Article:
Make your own flour to make your herbal breads taste even more delicious.
If the idea of milling your own flour sounds too geeky or complicated, just think “coffee grinder.” Making freshly milled flour is about as challenging as running coffee beans through the grinder. And the difference in flavor, freshness and health makes even this minor inconvenience more than worth the trouble.
Grinding your own flour at home requires an initial investment in a home grain mill (about the price of a good food processor), some clean grain and 10 or 15 minutes of your time. I use a Blendtec mill, but there are a number of other good mills on the market. Many of these grain mills have been developed in Utah by Mormon engineers, masters at food technology and nutritional enhancements. Check out some of the best grain mills below.
I generally make bread for myself using 100 percent medium-grind whole wheat flour milled just minutes before mixing and baking. You should be able to buy hard red or white wheat berries (you want “hard” wheat, which has a higher protein content than “soft” and is therefore more suitable for baking yeasted breads) in bulk at your local health-food store. You can also find it online at King Arthur Flour or Lehman’s. I always buy organic, because I value my own health and also because I want to encourage farmers to take care of their land and the life on it.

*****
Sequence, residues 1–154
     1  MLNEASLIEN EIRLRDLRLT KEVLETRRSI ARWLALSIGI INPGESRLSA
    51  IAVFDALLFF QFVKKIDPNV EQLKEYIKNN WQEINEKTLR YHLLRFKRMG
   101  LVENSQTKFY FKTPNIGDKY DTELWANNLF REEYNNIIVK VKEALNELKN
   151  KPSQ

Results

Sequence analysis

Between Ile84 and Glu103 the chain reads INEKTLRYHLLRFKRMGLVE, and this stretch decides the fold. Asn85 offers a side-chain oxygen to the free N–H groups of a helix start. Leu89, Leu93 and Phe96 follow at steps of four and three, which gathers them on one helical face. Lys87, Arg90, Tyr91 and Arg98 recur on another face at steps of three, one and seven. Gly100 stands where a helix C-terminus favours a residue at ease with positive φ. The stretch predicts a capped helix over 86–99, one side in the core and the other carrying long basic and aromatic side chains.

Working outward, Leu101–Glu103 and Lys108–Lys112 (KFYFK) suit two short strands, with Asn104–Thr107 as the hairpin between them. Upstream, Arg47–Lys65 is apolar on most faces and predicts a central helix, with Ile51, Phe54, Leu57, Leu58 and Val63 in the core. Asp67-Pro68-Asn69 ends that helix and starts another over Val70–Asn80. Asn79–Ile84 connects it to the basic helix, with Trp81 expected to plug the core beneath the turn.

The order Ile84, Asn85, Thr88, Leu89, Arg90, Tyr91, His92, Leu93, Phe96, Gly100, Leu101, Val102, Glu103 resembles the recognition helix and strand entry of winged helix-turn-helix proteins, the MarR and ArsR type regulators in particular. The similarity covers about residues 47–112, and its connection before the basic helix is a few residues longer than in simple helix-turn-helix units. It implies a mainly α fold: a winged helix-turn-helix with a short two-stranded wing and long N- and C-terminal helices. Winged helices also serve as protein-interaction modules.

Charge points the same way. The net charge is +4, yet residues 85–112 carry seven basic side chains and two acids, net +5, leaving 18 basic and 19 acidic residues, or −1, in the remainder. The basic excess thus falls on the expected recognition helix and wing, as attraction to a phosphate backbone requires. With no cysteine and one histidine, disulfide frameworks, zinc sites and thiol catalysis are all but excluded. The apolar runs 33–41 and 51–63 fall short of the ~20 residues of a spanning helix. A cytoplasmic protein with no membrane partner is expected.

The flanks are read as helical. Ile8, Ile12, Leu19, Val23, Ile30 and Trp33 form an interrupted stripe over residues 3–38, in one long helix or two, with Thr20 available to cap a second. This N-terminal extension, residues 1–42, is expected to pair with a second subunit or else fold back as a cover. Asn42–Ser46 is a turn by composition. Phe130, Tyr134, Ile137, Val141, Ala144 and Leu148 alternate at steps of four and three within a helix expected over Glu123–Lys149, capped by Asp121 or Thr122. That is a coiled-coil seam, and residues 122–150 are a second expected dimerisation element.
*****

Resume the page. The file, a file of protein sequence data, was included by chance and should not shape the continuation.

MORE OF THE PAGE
With its boxy shape, this mill easily fits on the kitchen counter and will mill up to 20 cups of flour in a few minutes. It is a bit noisy, but well worth it, since the end product smells sweet and adds an indescribable texture and aroma to your finished bread.
If a handpowered mill appeals to you, you might try this beautiful piece of machinery. You’ll have to buy the clamp separately, but it’s a champ and dependable even when the power goes off. (They even have a bicycle-powered unit, if you want to work off the carbs while you create some more.)
Lynn Alley is a food and travel writer who wrote 50 Simple Soups for the Slow Cooker (Andrews McMeel Publishing, 2011).
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